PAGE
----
Thursday, November 12, 2009

2012, a senseless plot thread, and a lame Gospel film


Jewish date:  25 Marḥeshwan 5770 (Parashath Ḥayye-Sarah).

Today’s holidays:  Birth of Baha’u’llah (Bahá’í Faith), Saint Day of Josaphat (Roman Catholicism).

Note:  One month until Ḥanukkah.  Time to start reading up on the relevant laws.

Worthy causes of the day:  “Restore Coastal Louisiana - The Petition Site”, “End Gender Discrimination in Health Insurance Coverage - The Petition Site”, and “Big Insurance Kills”.

Topic 1:  “2012: The End Of The World?”  I am not the only out there analyzing bad religious ideas.  This chart gives a nice summation of the purported disaster on December 21, 2012, both what the believers and skeptics claim.

The cover of the book The Amber Spyglass.Image via Wikipedia
Topic 2:  Chapters 24-25 of The Amber Spyglass (His Dark Materials, Book 3) by Philip Pullman.  Pullman leaves Lyra and Will in the land of the dead and tells us about the further adventures of Mrs. Coulter instead.  Mrs. Coulter has decided to play Lord Asriel and the Magisterium off each other and be in favor with whoever wins in the end.  Having stolen an intention craft from Lord Asriel, she proceeds to the Consistorial Court in Geneva, where she is promptly taken into custody.  (She ran off with Lyra at the end of The Subtle Knife, not liking the idea of her daughter being killed.  The Magisterium is therefore collectively unhappy with her.)  This episode quickly goes downhill, with Mrs. Coulter suggesting to the President of the Consistorial Court that the Authority has gone senile and that it may be merciful for Will to use the subtle knife to euthanize him.  (Obvious bad idea.)  This plot thread goes further downhill with the President via proxy stealing some of Lyra’s hair from a locket Mrs. Coulter wears around her neck.  Through use of a process which demonstrates that Pullman fundamentally misunderstands the nature of quantum entanglement, the President hopes to use Lyra’s hair to make Lyra explode.  This gives Mrs. Coulter an opportunity to play the hero and the Magisterium an opportunity to look evil.  Needless to say, Mrs. Coulter is successful in stopping this evil scheme, as there are still 13 chapters to go, and she ends up in Lord Asriel’s hands again at the end.  Theology grade for these chapters:  F.  Physics rating for these chapters:  F.  Plot rating for these chapters:  F, as the scheme is unbelievable and could easily be removed without affecting the rest of the story.  Probability that Pullman will redeem himself before the end of the trilogy:  trivially small.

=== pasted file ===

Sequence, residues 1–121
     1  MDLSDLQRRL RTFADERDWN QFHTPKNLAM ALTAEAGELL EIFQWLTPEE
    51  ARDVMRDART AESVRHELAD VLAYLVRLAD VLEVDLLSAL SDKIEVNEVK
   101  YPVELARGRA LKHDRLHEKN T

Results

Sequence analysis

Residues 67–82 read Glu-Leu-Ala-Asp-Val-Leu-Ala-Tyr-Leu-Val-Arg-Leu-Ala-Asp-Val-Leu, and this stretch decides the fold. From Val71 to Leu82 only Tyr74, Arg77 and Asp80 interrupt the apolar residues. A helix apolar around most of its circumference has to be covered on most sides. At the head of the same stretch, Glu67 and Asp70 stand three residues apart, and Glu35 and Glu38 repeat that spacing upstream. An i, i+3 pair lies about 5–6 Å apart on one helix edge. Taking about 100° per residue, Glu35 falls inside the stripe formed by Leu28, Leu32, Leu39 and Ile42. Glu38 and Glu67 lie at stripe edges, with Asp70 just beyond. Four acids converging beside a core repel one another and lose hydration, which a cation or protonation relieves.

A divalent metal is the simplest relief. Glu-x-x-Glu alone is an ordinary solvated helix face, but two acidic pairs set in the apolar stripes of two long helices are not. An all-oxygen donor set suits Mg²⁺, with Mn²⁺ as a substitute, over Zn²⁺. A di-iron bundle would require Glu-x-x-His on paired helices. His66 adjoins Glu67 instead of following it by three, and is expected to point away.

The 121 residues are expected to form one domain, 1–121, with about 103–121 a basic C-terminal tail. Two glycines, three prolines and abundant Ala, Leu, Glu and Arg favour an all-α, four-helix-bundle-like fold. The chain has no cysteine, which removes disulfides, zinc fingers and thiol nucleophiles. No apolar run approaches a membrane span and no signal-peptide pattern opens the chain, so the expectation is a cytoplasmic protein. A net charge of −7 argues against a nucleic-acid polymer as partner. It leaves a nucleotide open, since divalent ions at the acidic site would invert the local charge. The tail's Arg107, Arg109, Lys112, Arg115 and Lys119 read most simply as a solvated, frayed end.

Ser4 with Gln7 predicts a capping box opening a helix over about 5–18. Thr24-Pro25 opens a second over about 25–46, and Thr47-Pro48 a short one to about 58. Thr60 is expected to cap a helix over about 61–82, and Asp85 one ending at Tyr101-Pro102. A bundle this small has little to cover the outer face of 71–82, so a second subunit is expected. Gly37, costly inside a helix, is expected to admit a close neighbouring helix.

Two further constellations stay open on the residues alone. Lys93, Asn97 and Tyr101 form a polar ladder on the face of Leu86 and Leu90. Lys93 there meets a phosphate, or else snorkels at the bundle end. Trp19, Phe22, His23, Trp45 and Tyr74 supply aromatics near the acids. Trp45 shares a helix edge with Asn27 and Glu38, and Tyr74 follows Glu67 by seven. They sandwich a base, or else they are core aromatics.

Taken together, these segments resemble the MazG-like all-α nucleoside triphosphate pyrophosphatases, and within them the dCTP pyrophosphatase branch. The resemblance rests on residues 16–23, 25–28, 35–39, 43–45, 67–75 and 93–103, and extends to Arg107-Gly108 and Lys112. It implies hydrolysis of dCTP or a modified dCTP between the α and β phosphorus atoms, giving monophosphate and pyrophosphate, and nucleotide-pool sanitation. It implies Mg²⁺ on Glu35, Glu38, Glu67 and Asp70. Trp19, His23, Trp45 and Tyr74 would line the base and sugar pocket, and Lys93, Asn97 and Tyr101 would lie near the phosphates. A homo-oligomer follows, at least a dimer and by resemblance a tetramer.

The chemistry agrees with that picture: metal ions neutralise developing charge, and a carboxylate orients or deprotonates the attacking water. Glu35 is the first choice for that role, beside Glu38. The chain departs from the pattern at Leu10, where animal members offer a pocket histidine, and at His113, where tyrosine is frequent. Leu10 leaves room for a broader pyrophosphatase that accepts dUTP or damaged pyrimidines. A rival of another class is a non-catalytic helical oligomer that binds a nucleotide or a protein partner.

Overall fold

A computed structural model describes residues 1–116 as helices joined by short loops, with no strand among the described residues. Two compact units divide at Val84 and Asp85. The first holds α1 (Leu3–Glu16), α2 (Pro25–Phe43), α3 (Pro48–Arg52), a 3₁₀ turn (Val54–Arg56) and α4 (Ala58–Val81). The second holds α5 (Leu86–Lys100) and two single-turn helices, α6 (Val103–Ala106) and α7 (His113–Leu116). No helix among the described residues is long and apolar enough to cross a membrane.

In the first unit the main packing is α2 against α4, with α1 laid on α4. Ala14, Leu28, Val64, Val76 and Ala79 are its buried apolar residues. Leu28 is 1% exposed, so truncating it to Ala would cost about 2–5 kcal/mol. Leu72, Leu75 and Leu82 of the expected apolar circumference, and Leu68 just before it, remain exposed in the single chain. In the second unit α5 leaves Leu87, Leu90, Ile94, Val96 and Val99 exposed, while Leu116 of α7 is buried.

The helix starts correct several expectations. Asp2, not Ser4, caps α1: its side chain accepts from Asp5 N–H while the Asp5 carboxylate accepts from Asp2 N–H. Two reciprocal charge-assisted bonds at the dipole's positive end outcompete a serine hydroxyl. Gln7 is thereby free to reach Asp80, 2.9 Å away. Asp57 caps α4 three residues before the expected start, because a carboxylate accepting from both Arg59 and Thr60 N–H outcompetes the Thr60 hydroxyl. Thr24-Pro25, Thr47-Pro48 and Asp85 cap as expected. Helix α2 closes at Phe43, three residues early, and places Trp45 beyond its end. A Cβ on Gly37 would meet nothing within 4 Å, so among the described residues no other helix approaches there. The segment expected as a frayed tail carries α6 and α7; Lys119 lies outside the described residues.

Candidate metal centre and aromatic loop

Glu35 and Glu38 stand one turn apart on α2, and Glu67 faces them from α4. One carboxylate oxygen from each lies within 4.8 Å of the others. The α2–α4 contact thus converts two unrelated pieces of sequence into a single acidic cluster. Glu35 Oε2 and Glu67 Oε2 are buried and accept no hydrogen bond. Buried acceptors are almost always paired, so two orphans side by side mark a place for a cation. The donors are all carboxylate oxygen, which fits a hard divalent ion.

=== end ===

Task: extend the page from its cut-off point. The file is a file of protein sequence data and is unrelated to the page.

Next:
Topic 3:  Seeing that I have started working on the New Testament in the original Greek, I decided it was appropriate to start watching this pile of Gospel-based films I have accumulated.  As such, last night I watched Godspell, which puts the action in New York City during the 1970s.  On the bright side, the cast does a lot of creative dramatization of the parables and teachings of Jesus, interspersed with songs.  On the down side, there is no serious attempt at understanding anything Jesus had to say or making any of the action actually make sense in 1970s New York.  For almost all of the film, Jesus and his disciples wander around the city, without encountering anyone else, doing their dramatization and singing.  There is a Last Supper at the end, with Jesus making the proper Jewish blessings over maṣṣah and wine(!), but that ends with a whimper with the crucifixion being the arrival of police cars—but no police—and Jesus and the disciples putting themselves up against a chain-link fence.  The film ends with the disciples carrying off the body of Jesus, without any explanation why he is dead (or unresponsive) or a resurrection.  That’s it.  Next to no plot.  Things are further confused by having John the Baptist and Judas Iscariot being the same person and having no motive whatsoever for betraying Jesus.  In short, this film is so lame that it makes Jesus Christ Superstar look good by comparison.


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